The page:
With so many people choosing to be cremated and plenty more planning to do so in the future, providers need to be clear about what services they offer and what the actual costs of those services are. Transparency of this kind will help families establish trust with firms and in the case of traditionally traditional funeral homes – that type of trust is crucial in the transition to meeting the demands of modern consumers and becoming known as a ‘go-to’ provider.
The recent growth of cremation rates across North America can be attributed to many factors. For instance, the cost of a burial vs. cremation service can be drastic, and influence a family’s buying decision. Another reason for this increase is the softening of different religions opposition to the practice. Up until 1963, the Catholic church had outlawed cremation. Today, however, the church still prefers burial but has lifted their outright ban. And this isn’t the only faith softening their stance. Many Christians have cited that there are no Biblical passages that actually forbid cremation. Other religions like Hinduism and Buddhism actually prefer cremation as the method of disposition.
Another reason for the increase in popularity is families have started to migrate and live in different geographical areas. According to the Washington Post, of 350,000 college students surveyed, 42% indicated they attend a college out of their home state. The nuclear family is in decline with family members moving to different cities and states to pursue educational and career opportunities. As this happens, many of these people end up building a life in their new town and are leaving their hometowns. Cemeteries have also been impacted by this and seen a decline in the number of family burial plots being purchased. Instead, families are choosing cremation as a practical and cost-effective way to care for their loved one.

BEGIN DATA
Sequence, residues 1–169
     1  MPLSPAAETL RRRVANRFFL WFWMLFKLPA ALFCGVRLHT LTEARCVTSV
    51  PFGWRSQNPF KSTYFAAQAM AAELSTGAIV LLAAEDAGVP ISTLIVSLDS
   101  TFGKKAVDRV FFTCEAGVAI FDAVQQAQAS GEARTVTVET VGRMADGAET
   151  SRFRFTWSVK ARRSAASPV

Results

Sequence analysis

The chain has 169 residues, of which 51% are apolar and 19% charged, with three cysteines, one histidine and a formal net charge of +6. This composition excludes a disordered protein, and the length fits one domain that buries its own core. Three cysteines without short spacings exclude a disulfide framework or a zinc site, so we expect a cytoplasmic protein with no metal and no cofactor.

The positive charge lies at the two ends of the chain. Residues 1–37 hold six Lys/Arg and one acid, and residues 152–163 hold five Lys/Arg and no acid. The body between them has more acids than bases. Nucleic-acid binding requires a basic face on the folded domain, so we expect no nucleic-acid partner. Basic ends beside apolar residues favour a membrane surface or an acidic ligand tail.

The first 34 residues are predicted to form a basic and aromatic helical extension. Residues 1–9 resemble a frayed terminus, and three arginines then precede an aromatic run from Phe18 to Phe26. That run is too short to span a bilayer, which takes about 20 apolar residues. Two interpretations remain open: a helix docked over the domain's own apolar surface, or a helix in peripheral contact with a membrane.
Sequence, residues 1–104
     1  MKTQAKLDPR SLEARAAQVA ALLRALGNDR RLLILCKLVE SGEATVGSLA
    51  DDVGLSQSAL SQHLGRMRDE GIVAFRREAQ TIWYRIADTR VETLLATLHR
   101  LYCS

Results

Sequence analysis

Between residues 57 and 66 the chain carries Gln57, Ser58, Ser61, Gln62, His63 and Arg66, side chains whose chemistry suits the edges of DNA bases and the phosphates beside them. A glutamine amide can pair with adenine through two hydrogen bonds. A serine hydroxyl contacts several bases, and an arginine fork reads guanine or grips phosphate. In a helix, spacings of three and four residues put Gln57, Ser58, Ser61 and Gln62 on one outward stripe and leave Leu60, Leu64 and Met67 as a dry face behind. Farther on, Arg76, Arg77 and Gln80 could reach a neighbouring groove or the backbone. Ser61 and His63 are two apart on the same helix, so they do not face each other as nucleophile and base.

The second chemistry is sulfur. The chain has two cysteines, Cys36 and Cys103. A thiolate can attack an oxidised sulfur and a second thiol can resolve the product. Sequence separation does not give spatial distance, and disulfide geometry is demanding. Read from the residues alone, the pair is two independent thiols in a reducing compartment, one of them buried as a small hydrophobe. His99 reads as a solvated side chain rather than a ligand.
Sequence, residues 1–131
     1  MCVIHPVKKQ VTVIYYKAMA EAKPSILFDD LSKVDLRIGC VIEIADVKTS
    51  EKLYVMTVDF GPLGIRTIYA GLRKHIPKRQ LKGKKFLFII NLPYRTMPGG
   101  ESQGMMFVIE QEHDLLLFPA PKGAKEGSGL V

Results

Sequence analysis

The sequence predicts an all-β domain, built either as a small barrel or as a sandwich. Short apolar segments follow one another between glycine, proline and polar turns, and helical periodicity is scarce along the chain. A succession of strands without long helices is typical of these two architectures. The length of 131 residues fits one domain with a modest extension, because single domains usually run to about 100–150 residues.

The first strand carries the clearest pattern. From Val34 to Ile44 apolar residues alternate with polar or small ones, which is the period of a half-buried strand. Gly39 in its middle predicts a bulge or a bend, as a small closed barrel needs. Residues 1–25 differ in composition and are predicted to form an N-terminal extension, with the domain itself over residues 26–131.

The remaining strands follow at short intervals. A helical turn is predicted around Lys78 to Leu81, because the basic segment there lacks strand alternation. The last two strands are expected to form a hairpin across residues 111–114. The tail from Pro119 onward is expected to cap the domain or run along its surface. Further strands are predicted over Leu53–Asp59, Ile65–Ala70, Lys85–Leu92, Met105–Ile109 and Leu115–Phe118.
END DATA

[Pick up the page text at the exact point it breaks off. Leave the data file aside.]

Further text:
In 2018, we launched A Simple Cremation, which is a turn-key business solution that will allow those who become providers to offer affordable cremation services in their community. After all, simplicity, affordability, and flexibility have much to do with the rise in cremation in the first place. So why not give people precisely what they are looking for?
Even if you have a long-established death care business and would like to expand your cremation offerings or begin offering cremation, in general, we have a variety of business solutions that can help you get in front of the market.
Also, much thanks to Tulip Cremation and the many other organizations that are bringing quality cremation research to the forefront. It is vital that consumers and funeral service providers alike understand the changing landscape of death care – because, in the end, that is relevant for everyone.
Tommy holds a Communications degree from Laurentian University and an Integrated Marketing Communications Graduate Certificate from St. Lawrence College. He is a Content Marketing Specialist at FrontRunner and focuses on producing engaging content that funeral homes can use to connect with families. In addition, Tommy crafts SEO content for clients and specializes in helping the general public connect with the death care industry as a whole.